Effects of follicle hormone in men

Follicle hormone promotes the maturation of the tubules (small tubes) within the testes and the sperms. Thereby, FSH plays an important role in the development of the testes and its reproductive functions. The male sexual hormone called testosterone is necessary for the formation of the sperms and FSH has a vital role in activating this hormone. Thereby FSH has a role in both formation and maturation of the sperms necessary for sexual reproduction. A mature adult male has about 1.5-12.4 IU/L of FSH in his blood. Abnormal levels can be associated with conditions such as infertility and delayed or decreased sexual maturation. Men with low FSH levels are noted to suffer from conditions such as erectile dysfunction, decreased libido, infertility, and low energy. When follicle hormone is present in low levels at different stages of life (before birth, during puberty and during adult life) it can affect the growth and functioning of the genital organs. While the presence of FSH is required in women all through the menstrual cycle, the same is not true in case of the maturation of the sperms in men. Once initiated by the action of FSH, the sperm maturation process continues under the influence of testosterone.
 

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Measuring FSH levels

Abnormalities in the pubertal maturation and sexual reproduction may often occur due to alteration in the FSH levels in our body. FSH tests are commonly advised in younger boys and girls when, alterations in the general growth and maturation of the reproductive organs or in the initiation of menstrual cycle is noted. In case of adults FSH test is advised when premature menopause, presence of underlying disorders affecting the FSH levels and other problems such as infertility, alteration in menstrual cycle or decreased development and functioning of the testes is noted. This test is a blood test wherein the blood collected from the vein is sent to laboratory for analysis of the FSH levels in blood.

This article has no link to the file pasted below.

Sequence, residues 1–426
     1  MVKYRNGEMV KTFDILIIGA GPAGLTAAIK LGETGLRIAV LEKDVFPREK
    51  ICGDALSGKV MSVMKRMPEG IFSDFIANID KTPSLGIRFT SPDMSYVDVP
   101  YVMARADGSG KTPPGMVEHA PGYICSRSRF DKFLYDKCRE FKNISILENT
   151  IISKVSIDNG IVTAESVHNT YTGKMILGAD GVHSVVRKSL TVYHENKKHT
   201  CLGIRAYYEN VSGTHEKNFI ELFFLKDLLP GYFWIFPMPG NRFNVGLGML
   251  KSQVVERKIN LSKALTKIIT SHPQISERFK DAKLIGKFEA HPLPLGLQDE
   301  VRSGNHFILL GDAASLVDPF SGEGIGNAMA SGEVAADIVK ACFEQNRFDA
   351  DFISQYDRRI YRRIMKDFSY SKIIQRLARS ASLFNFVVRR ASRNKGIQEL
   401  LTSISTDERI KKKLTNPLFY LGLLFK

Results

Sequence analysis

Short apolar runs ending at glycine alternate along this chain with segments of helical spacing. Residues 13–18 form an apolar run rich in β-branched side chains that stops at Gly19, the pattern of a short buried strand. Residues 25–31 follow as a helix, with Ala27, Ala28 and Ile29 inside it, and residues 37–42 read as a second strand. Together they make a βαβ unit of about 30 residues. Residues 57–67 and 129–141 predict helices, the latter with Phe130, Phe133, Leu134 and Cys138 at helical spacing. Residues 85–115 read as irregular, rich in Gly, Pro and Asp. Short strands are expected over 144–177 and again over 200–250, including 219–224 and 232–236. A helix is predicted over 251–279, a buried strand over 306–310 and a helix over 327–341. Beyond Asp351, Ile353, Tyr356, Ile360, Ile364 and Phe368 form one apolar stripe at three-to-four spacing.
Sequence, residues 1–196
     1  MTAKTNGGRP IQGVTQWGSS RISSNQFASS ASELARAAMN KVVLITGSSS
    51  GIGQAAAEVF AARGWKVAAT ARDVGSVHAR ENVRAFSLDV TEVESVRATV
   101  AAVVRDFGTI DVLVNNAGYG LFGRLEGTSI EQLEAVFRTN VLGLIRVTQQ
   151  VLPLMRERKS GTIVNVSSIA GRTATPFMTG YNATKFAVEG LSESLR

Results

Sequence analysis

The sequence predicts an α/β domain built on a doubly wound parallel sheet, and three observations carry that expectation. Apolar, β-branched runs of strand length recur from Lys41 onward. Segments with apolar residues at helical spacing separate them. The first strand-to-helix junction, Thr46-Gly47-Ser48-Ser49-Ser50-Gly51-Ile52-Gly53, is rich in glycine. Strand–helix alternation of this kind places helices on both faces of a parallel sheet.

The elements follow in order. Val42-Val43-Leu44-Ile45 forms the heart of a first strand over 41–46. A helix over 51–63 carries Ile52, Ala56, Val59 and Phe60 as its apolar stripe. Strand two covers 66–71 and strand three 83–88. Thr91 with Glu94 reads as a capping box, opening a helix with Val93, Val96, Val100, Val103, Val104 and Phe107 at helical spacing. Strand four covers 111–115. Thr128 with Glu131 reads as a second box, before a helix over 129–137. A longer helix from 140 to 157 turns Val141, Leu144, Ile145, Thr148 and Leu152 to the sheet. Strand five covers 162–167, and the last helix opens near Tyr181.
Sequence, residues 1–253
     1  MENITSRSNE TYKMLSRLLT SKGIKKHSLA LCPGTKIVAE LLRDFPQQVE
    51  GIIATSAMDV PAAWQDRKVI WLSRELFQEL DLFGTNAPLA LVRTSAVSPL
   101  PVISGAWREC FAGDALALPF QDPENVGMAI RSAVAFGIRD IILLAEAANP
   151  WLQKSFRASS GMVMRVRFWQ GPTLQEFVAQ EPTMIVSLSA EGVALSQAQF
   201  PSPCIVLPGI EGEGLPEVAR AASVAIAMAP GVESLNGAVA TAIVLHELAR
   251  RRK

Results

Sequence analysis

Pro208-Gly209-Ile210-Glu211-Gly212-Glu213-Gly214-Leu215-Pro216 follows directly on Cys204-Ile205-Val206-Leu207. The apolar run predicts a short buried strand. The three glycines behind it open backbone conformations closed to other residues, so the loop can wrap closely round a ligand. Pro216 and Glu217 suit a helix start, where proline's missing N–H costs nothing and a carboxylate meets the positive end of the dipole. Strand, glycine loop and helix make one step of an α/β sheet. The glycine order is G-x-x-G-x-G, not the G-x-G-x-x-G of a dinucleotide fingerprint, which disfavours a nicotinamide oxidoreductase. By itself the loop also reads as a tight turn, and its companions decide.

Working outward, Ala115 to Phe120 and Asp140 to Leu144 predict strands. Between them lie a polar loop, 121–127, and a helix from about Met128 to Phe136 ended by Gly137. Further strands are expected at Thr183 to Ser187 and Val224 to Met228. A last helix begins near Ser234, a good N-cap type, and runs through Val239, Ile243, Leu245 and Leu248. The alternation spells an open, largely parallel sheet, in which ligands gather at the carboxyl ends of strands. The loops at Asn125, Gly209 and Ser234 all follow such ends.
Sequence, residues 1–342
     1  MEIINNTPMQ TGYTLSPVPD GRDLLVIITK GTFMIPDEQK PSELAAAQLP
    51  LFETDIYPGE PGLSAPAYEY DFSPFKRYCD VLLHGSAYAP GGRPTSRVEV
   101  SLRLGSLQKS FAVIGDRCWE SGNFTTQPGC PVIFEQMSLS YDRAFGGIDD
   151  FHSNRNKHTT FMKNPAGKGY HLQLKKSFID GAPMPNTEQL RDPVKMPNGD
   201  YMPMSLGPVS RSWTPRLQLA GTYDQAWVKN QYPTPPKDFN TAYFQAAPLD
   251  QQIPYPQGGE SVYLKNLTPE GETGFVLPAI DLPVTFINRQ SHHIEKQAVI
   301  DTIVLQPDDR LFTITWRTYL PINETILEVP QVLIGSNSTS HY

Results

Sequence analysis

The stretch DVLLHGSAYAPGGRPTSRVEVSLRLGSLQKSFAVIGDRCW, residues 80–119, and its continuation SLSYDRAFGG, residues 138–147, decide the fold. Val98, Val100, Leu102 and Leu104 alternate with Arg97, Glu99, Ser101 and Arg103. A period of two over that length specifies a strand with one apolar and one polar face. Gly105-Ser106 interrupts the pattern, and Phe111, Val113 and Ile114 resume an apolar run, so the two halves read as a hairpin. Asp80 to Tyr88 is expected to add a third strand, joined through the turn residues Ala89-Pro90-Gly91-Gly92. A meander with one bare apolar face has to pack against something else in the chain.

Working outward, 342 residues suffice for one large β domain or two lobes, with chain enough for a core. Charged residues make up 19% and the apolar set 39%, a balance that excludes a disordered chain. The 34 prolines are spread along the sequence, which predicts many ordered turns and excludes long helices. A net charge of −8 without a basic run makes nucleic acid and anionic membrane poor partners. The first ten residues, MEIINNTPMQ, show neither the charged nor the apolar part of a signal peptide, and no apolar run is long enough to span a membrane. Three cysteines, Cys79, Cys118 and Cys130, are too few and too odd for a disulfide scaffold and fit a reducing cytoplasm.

Conclusion

Pubertal maturation and reproduction is complex process dependent on a number of factors and hormones for proper functioning. Follicle hormone’s effects on pubertal maturation are very delicately balanced. Alterations in the levels of follicle hormone may lead to abnormal sexual development and maturation of both men and women. As women begin to reach menopause, the FSH levels gradually begin to rise reaching 40-250 IU/L wherein the formation and maturation of the follicles almost comes to a complete standstill. In case of women of reproductive age, high FSH levels are often associated with infertility and, reduction of FSH levels in such women can frequently lead to a successful pregnancy.
 

  • en.wikipedia.org/wiki/Follicle-stimulating_hormone
  • emedicine.medscape.com/article/118810-overview
  • www.nlm.nih.gov/medlineplus/ency/article/003710.htm
  • kidshealth.org/parent/system/medical/blood_test_fsh.html#